ian.g.kelly at gmail.com
Sun Oct 28 18:57:34 CET 2012
On Sun, Oct 28, 2012 at 10:15 AM, Joshua Landau
<joshua.landau.ws at gmail.com> wrote:
> I feel necessity to argue against this point.
> It is a common thing to stereotype teens in this way - but, being teen
> myself, I feel one should try to avoid it. It's painful to watch every time
> someone claims "he can't be a teenager - his spelling/grammar is too good"
> or any derivation of it, as with the inverse concept that the uneducated are
> always teenagers.
> i have techers who type lke this, and I have teachers who type very
> I have peers of my age group who meticulously craft their online
> conversations, n i no BFFs who dun b like that.
> How someone speaks on the internet seems to me proportional almost entirely
> to their intelligence*, not to their wisdom. Sure, there is an age where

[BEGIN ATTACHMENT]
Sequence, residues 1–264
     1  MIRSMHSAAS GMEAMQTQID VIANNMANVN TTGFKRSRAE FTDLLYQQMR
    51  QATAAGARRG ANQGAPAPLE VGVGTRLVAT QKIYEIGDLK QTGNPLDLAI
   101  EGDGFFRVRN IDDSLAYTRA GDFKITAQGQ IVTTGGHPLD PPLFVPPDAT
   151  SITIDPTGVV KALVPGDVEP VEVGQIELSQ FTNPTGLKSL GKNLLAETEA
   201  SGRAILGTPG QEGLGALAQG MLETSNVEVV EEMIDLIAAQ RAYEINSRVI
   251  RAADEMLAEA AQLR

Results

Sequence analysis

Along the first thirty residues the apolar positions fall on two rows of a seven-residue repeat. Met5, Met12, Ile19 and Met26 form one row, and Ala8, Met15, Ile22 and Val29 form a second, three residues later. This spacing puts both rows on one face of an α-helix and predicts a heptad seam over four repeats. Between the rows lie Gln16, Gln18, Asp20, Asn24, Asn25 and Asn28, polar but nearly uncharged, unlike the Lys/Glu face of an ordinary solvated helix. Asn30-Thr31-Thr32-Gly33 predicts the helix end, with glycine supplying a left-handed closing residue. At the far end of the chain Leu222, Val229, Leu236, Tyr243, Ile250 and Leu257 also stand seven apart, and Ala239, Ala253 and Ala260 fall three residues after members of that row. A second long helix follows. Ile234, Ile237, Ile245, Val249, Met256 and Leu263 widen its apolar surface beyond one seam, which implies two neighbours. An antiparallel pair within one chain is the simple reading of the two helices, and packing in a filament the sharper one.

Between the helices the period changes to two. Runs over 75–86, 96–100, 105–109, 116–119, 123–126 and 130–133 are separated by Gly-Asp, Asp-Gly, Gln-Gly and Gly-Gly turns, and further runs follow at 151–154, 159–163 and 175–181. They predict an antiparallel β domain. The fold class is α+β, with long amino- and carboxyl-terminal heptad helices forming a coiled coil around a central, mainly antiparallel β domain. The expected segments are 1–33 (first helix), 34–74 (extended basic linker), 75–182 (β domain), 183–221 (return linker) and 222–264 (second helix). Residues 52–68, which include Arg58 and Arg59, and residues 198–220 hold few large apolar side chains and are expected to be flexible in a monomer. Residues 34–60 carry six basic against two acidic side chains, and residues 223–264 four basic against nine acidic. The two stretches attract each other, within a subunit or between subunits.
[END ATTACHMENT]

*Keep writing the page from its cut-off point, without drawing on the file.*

> one, no matter how bright, will speak like trash, but this normally
> coincides with an inability to speak well, too. Most older teenagers have as
> good a grasp on language as they will ever learn, so it hardly applies to
The aggressive defensiveness had me thinking intelligent *younger*
teenager, actually, possibly a tween. Mostly though the idea was
based on what I had seen of his website, which reminded me of some of
the ambitious efforts of myself and my peers when I was around that
age myself. In any case, he's claimed to be older, so with no real
evidence to the contrary, I will take his word for it.
> * Note that I speak not of IQ or problem-solving ability, but more of a
> general social intelligence that can be seen in almost any poster on this
My social intelligence is pretty darn low in real life, but I like to
think that I comport myself reasonably well on the net.
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